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Week Ahead: Coronavirus Daily Cases and Bond Yields Both Moving Higher!

Headlines galore! The UK is back in lockdown as the coronavirus has overtaken the country and the word “variant” is now in everyone’s vocabulary.  Democrats in the US now control the Senate with their victories in Georgia. President Trump attended a support rally on Wednesday, which ended with an assault on the Capitol building.  In addition, US and Canadian jobs data were both negative.  But none of these mattered to the markets.  Seemingly, beginning of year flows led to higher stock markets and higher interest rates last week, as US 10-year yields moved above 1% for the first time since the pandemic began.  There will be more headlines this week as the coronavirus continues to attack.  Powell speaks towards the end of the week and although it’s a light economic data week, it is the beginning of earnings season!!

The coronavirus is rearing its ugly head again, particularly in the UK. There were 1,325 coronavirus related deaths on Friday alone, a new record!  This may be the result of a variant of the coronavirus that is making its way around the world!  The variant is said to be more contagious (but less lethal) than the original virus.  The UK is in lockdown and shut once again until mid-February.  Tokyo has also gone into a State of Emergency due to covid (although restrictions are not as severe).  In addition, Germany is looking to restart lockdowns into month end.  Additionally, the US had over 4,000 daily deaths for the first time since the beginning of the pandemic as vaccine distribution is much slower than anticipated.  However, the markets are looking towards the spring and the hopes that the vaccines will come sooner than later.  Stock markets around the world have pushed to new highs as hope overtakes fear to start the new year.  Vaccine distribution must be closely watched this week. Additional distribution setbacks or news of immunities to vaccines could send stocks lower and the US Dollar higher.

US 10-year yields rose as high as 1.124% this week.  The high on March 19th was 1.276% during the extreme volatility at the beginning of the pandemic.  From there, yields sold off aggressively as the world shut down and monetary stimulus hurled at us.  Yields fell to a low of 0.5% in August.  The 1% level was tested multiple times.  However, this week, the first week of the year, investors came in selling bonds and buying stocks.  This week alone, 10-year yields moved from 0.905% to 1.124%, a gain of 21%!  So, are large investors looking past the fiscal stimulus and the coronavirus?  Interest rate movements would suggest they are looking for higher inflation. Not to mention that in Friday’s payroll data, the average hourly earnings were +0.8%, the strongest since April. Inflation data this week and Powell’s speech on Thursday will be eyed for hints of the FOMC’s next steps.  They meet again on January 27th.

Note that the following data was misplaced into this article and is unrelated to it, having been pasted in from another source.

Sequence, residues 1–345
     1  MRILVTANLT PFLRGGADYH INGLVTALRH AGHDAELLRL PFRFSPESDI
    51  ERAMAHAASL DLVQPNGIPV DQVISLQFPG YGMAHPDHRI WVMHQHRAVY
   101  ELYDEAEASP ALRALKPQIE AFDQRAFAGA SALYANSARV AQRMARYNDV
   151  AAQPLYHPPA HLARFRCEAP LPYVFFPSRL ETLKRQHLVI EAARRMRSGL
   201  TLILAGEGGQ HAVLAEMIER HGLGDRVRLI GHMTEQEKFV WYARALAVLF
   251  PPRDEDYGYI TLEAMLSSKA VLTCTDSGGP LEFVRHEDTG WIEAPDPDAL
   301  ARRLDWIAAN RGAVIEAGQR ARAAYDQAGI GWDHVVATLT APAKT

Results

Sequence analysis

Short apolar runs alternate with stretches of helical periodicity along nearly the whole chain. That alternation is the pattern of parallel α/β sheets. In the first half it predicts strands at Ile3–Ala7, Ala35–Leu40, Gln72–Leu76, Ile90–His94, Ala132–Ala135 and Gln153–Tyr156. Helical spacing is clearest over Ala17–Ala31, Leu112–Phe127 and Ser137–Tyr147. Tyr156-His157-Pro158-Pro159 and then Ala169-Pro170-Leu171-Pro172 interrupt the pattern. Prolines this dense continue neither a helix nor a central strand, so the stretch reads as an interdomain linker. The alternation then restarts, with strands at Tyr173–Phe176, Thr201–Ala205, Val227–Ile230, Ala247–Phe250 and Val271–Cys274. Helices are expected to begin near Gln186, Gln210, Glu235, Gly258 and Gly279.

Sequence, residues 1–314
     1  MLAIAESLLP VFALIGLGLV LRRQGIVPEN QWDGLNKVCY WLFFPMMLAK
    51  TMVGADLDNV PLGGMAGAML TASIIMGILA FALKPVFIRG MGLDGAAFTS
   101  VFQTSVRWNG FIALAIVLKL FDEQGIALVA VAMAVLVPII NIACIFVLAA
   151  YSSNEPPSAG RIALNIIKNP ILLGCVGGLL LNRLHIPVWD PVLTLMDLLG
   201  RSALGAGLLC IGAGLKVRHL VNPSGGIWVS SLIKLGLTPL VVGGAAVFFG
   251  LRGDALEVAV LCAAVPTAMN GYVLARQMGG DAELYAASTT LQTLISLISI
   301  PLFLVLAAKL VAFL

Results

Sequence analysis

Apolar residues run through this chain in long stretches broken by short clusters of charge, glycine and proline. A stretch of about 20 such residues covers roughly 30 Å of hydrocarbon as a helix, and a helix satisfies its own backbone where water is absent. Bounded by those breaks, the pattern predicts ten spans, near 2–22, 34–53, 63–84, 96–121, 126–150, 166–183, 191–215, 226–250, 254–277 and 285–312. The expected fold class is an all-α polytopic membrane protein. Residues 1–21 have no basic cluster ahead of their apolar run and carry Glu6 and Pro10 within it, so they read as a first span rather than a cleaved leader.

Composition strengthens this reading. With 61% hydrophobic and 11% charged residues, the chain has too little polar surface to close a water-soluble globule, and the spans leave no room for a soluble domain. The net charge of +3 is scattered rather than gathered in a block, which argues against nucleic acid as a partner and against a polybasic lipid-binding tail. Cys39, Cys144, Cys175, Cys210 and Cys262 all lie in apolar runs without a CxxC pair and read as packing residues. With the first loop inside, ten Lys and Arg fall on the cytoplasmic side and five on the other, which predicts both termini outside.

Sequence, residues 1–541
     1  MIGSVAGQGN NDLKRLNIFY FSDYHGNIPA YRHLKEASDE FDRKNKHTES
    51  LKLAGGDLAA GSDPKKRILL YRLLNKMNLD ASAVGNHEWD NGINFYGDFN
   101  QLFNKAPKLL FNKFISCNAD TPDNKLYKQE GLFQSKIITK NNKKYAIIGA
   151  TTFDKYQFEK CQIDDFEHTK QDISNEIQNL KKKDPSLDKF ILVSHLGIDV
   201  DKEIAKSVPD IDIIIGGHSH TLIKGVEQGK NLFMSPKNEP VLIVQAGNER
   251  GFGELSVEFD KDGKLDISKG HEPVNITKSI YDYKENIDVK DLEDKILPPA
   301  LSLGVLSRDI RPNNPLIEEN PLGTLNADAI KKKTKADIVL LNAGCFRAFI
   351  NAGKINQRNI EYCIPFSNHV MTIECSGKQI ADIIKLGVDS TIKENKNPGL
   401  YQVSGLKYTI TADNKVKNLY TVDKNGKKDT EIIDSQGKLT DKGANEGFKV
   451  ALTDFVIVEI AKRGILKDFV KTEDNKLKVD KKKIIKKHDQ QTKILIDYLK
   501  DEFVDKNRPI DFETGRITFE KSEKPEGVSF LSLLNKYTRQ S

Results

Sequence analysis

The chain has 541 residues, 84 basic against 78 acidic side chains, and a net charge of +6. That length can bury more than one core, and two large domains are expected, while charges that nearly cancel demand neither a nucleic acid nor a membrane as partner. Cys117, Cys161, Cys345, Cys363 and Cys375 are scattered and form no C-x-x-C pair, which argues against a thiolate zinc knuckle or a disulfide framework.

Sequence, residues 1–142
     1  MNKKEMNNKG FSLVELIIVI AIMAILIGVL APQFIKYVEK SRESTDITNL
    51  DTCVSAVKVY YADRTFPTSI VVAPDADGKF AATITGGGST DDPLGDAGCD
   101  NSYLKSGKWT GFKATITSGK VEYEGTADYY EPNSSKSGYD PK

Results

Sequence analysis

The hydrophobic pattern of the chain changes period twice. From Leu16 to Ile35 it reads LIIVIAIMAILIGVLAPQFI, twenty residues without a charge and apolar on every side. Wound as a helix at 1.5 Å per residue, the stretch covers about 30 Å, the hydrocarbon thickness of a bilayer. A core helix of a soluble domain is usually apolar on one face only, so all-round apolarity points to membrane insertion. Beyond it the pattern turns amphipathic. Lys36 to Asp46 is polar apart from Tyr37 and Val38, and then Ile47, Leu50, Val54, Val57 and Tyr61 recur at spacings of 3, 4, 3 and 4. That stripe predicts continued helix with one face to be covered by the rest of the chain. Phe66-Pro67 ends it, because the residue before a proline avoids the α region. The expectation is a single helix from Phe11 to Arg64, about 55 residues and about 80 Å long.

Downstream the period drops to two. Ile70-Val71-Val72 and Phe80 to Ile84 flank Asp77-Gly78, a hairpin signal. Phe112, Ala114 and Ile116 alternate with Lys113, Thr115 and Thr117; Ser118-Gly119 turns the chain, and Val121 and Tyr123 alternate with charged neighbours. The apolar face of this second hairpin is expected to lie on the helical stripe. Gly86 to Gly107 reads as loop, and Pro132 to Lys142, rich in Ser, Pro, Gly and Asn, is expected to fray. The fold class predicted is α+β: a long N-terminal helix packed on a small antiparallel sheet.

This week begins earnings season!  Although there aren’t many releases, there are some notable companies to watch.  They include JD, DAL, ASC, PSN, WMH, BLK, TSCO, ABF, TW, JPM, C, WFC, and PNC.

Although this is a light data week, there are a few notable economic data releases.  In addition to the previously mentioned inflation data and Powell speaking engagement, other important economic data is as follows:

Monday

  • Australia:  Retail Sales Final (NOV)
  • China: Inflation Rate (DEC)
  • China: PPI (DEC)

Tuesday

  • Australia: Westpac Consumer Confidence (JAN)

Wednesday

  • EU: Industrial Production (NOV)
  • US: Inflation Rate (DEC)
  • US: Beige Book
  • Crude Inventories

Thursday

  • Japan: Machinery Orders (NOV)
  • Japan: PPI (DEC)
  • Australia: Building Permits Final (NOV)
  • China: Trade Balance (DEC)
  • Germany: Government Budget (2020)
  • US: Initial Jobless Claims (week ending January 9th)
  • US: Fed Chairman Powell speaks

Friday

  • Australia: New Home Loans (NOV)
  • China: House Price Index (DEC)
  • China: Vehicle Sales (DEC)
  • China: FDI (YTD) (DEC)
  • UK: Trade Balance (NOV)
  • UK: Industrial Production (NOV)
  • UK: Manufacturing Production (NOV)
  • EU: Trade Balance (NOV)
  • US: Retail Sales (DEC)
  • US: PPI (DEC)
  • US: NY State Manufacturing Index (JAN)
  • US: Industrial Production (DEC)
  • US: Manufacturing Production (DEC)
  • US: Michigan Current Consumer Sentiment Prel (JAN)

Chart of the Week:  Daily US10 Yields

Source: Tradingview, FOREX.com

As mentioned earlier, US 10-year yields had a large move this week.  After reaching a high on March 19th, yields moved down to a low of .5% in August.  They began moving higher in a channel and first tried to take out the 1.00% level in early November.  From then, it tried several more times, while moving sideways throughout December.  This week, the start of the new year, bond sellers came in aggressively and finally pushed 10-year yields through the 1.00% level (green line) towards resistance at the top of the upward sloping channel line near 1.124%.  (Bonds and yields move inversely to one another.)  The RSI has moved into overbought territory as well at 75.12, indicating yields may be ready for a pullback.  Support for yields is back at the 1.00% level, then the bottom channel line near 0.905%.  Yields closed the week near the channel line resistance of 1.124%. Above there, yields can move all the way back to the March 19th highs 0f 1.276%.

Although this week may be slow for economic data, there will continue to be headlines flying around.  As with last week, headlines that may be important to some, may not be as important to the markets as a whole.

Remember:  the market is always right! 

Have a great weekend and please remember to always wash your hands!

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